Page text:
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From the temptation of Eve to the venomous murder of the mighty Thor, the serpent appears throughout time and cultures as a figure of mischief and misery. The worldwide prominence of snakes in religion, myth, and folklore underscores our deep connection to the serpent—but why, when so few of us have firsthand experience? The surprising answer, this book suggests, lies in the singular impact of snakes on primate evolution. Predation pressure from snakes, Lynne Isbell tells us, is ultimately responsible for the superior vision and large brains of primates—and for a critical aspect of human evolution.
Drawing on extensive research, Isbell further speculates how snakes could have influenced the development of a distinctively human behavior: our ability to point for the purpose of directing attention. A social activity (no one points when alone) dependent on fast and accurate localization, pointing would have reduced deadly snake bites among our hominin ancestors. It might have also figured in later human behavior: snakes, this book eloquently argues, may well have given bipedal hominins, already equipped with a non-human primate communication system, the evolutionary nudge to point to communicate for social good, a critical step toward the evolution of language, and all that followed.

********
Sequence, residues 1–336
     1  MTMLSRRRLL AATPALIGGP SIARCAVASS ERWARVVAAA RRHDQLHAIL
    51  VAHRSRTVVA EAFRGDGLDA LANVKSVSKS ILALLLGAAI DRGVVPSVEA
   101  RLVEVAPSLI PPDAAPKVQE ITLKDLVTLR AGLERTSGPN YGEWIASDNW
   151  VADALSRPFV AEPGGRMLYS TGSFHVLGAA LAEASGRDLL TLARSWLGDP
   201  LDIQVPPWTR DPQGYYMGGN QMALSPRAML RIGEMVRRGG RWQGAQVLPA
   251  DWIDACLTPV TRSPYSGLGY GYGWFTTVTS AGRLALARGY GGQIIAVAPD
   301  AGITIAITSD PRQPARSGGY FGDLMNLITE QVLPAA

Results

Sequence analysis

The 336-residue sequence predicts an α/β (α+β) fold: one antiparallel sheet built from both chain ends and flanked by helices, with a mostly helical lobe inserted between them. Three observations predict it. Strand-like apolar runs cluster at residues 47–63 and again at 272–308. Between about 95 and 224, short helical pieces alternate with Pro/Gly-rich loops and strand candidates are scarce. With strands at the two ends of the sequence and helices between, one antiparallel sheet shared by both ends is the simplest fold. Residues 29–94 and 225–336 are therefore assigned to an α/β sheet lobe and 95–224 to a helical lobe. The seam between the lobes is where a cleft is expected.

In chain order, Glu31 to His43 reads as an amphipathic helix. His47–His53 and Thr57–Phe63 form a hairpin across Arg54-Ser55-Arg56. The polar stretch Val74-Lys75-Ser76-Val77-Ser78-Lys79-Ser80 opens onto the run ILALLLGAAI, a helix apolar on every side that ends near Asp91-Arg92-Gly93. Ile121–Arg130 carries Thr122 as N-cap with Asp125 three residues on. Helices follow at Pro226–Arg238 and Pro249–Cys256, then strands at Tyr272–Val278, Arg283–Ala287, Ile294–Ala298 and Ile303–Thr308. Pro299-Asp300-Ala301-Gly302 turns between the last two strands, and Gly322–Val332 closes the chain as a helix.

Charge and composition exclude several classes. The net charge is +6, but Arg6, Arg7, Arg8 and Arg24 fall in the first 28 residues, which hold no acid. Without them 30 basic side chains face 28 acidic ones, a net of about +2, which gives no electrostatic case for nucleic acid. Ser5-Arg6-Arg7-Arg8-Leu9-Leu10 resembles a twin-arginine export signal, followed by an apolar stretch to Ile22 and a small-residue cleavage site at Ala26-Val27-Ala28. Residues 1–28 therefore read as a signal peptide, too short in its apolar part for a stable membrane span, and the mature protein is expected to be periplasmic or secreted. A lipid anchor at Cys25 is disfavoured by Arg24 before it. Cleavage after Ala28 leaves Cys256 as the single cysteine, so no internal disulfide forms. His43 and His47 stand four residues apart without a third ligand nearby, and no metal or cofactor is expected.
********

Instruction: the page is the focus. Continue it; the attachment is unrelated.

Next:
In The Fruit, the Tree, and the Serpent, Lynne A. Isbell weaves together facts from anthropology, neuroscience, palaeontology, and psychology to explain that our emotional connection to snakes has a long evolutionary history. This history, Isbell says, is responsible not only for snake fear—the serpent in the garden of Eden, the world-creating Rainbow Serpent of Australian aboriginal myth and B-grade cinema fare—but also for our keen primate vision and perhaps even our facility with language… The book is always rewarding… Her snake tales from long years in the bush are informative and often funny. Isbell writes solid evolutionary science and also takes calculated risks.
— Barbara J. King